“At least it’s not the kind that kills.”
“Are we there yet?”
“How would I know? I don’t know where we’re going. I just hope it’s not as hot as it is here. I’m beginning to molt out of season.”
“Will you please get your beak out of my tail?”
“Fly faster. Your tail smells like—“
“Are you sure we’re going in the right direction?”
“I don’t know. Crazy George is in charge for this leg.”
“Good grief! We’re going to get lost!”
“Hey! George can’t help it. He’s dyslexic.”
“When’s lunch? I’m hungry.”
“We’re flying straight through. You should have eaten more of those flower seeds last night.”
“And have the farts the rest of the way back? No way!
“Does everyone have to talk at the same time? I’m getting a headache.”
“You want a headache? I’ll whack you upside the head with my wing. Then you’ll have a headache.”
“I don’t even know what half of you guys are saying.”
“It’s better that way. If we knew what some of them were saying, we’d fly off in a snit and then we’d be lost.”
“If we were lost then we might as well stop for lunch. I’m still starving.”
“Boys! If you don’t slow down for your mother right now—“
“What are you going to do, Ma?”
“Yeah, Ma, you have to catch up with us first.”
“Was that Crazy George who just flew past us going the other way?
“Who’s turn is it to lead now?”
“I don’t know maybe George knows something we don’t. Maybe he’s not as crazy as we think.”
“I’m getting scared.”
“Don’t let the guy with the farts be the leader!”
“Never mind. Here’s George coming back. He’s pushing along the mother with the two fast boys.”
“See? I told you George wasn’t crazy.”
“Are we there yet?”

Lincoln in the Basement Chapter Eighty-Seven

Previously: War Secretary Stanton holds the Lincolns and janitor Gabby Zook captive in the White House basement. Private Adam Christy takes guard duties. Ashamed and distraught, Adam gets drunk and kills the butler who stops him from molesting the cook. Six months later Richmond falls to the Union. Lincoln impersonator Duff learns that he is officially dead.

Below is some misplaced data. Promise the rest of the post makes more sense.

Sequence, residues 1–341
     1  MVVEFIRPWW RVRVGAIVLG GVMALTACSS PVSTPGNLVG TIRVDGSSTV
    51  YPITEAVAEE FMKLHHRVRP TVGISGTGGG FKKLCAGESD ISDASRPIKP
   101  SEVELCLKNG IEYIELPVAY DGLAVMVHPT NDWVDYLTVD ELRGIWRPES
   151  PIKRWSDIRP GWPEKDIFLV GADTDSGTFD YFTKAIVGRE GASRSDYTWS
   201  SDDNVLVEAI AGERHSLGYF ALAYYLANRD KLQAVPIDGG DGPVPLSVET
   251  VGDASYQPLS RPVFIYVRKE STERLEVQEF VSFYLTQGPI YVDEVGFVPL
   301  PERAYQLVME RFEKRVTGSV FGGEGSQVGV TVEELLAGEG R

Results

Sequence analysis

Stanton unlocked the billiards room door, rousing Gabby from a restless afternoon nap. Gabby listened carefully to Stanton as he spoke to the Lincolns.
“The president has returned from Richmond.”
“With Tad safe and sound,” Mrs. Lincoln said.
“You have to learn the details of the trip,” Stanton said, ignoring her. “When you return upstairs, you’ll have to answer questions from the press.”
“Our places upstairs?” She sounded surprised. “This will be over soon?”
“General Grant is pursuing General Lee through the heart of Virginia.”
“I’ll be back with my precious Taddie.”
And I’ll be back with my precious Cordie. Gabby’s heart raced. What will I do first once I’m free to go to her?
“Calm down, Molly,” Lincoln said. “Listen to Mr. Stanton.”
“After Richmond fell,” Stanton began, “the navy removed Confederate torpedoes in the James River. You were aboard the U.S.S. Malvern until it could no longer pass the line of enemy obstructions, then you transferred to a barge pulled by the tugboat Glance. You were recognized by a group of colored workmen who shouted, ‘Bless the Lord, this is the great Messiah! Glory, hallelujah!’ From there you, Mr. Lincoln, and Tad went to the Confederate White House where you sat in Jefferson Davis’s chair.” He paused to cough.
“You don’t look well, Mr. Stanton,” Lincoln said.
Good. Gabby clinched his jaw. I hope he dies.
“You spent time reviewing troops, and left Richmond yesterday evening, and arrived at the capital this afternoon. You’ll speak to the public tomorrow and meet with the Cabinet on Wednesday.
“About reconstruction of the South?” Lincoln asked.